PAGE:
This Article is From Oct 17, 2014

Congress, Confronting Losses, Determined to Shield Gandhis

Congress, Confronting Losses, Determined to Shield Gandhis

Rahul Gandhi has addressed 13 rallies compared to PM Modi's 38.

Chandigarh: A day after exit polls predicted that the BJP is all set to form governments in Maharashtra and Haryana, Congress Vice-President Rahul Gandhi was seen far from the heat and dust of the elections - interacting with students of Panjab University in Chandigarh. 

The Congress has already taken a position that the assembly polls are not a reflection of the party's top leadership - a possible attempt to shield Mr Gandhi from awkward questions about his leadership. "These are state elections and they are not a reflection on the national leadership of any party," PC Chacko, senior Congress spokesperson has said.

The party also argues that anti-incumbency will be a bigger factor in these polls as the party has ruled Maharashtra for 15 years and Haryana for 10 years.

Unlike the Lok Sabha polls, Mr Gandhi wasn't the face of the party's campaign in these states. It was led by the chief ministers and other state leaders.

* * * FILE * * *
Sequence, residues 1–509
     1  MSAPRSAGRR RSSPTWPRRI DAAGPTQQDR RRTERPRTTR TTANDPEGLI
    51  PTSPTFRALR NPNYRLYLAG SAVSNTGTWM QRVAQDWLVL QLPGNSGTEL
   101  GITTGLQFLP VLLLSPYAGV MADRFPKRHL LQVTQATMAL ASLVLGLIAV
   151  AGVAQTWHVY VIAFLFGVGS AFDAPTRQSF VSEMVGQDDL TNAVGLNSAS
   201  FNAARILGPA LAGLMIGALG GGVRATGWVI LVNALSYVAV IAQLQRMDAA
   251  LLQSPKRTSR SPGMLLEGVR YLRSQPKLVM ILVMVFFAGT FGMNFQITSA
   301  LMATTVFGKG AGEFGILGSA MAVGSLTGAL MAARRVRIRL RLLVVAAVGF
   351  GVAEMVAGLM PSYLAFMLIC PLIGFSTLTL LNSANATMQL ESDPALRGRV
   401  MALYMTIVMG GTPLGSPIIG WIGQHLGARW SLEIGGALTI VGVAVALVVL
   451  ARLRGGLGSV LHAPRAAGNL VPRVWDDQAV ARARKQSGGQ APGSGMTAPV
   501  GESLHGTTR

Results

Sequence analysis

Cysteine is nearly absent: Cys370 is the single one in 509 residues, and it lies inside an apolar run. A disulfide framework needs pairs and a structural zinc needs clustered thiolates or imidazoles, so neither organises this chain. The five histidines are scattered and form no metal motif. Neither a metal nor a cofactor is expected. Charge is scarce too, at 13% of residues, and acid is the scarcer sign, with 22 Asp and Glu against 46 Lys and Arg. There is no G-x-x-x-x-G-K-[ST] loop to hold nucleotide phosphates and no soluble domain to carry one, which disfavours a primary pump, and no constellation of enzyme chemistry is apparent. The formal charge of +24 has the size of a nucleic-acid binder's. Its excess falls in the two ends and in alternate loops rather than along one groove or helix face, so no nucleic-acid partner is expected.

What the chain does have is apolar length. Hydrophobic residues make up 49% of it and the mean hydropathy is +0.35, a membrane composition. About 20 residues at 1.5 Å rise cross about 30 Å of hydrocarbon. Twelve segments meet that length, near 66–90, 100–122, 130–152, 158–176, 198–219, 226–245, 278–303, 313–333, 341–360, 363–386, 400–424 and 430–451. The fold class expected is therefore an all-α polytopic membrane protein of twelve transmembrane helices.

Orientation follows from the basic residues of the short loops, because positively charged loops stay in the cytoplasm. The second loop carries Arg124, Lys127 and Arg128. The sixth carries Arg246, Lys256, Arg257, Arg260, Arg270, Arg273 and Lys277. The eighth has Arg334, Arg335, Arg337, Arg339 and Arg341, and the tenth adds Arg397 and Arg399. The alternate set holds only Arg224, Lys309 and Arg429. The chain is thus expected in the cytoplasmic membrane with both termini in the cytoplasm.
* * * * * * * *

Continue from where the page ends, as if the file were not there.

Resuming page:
Mr Gandhi addressed 13 rallies in both states. But Prime Minister Modi addressed nearly three times as many - 38 rallies. In Maharashtra, where anti-incumbency is perceived to be high, Mr Gandhi addressed four rallies, compared to Mr Modi's 27.

The Congress argues that the BJP was forced to field PM Modi as a star campaigner after its poor showing in the recent by-polls.  "In Maharashtra and Haryana, BJP has no leaders whereas we have tall leaders. That's why the Prime Minister had to be fielded," said Congress spokesperson Sobha Oza.

Congress may be playing down the assembly polls as a state issue but comparisons between PM Modi and Mr Gandhi's leadership style are inevitable.

A group of young students of Panjab University who attended this morning's session were quick to make the comparison. "Narendra Modi is more vocal about his policies. Rahul Gandhi has not been able to send a message to the common people. I think that's the problem," said a student who didn't wish to be identified.

While no one in Congress expects an immediate revival in electoral fortunes, many argue it is high time the party brought about changes that boost the morale of an average worker.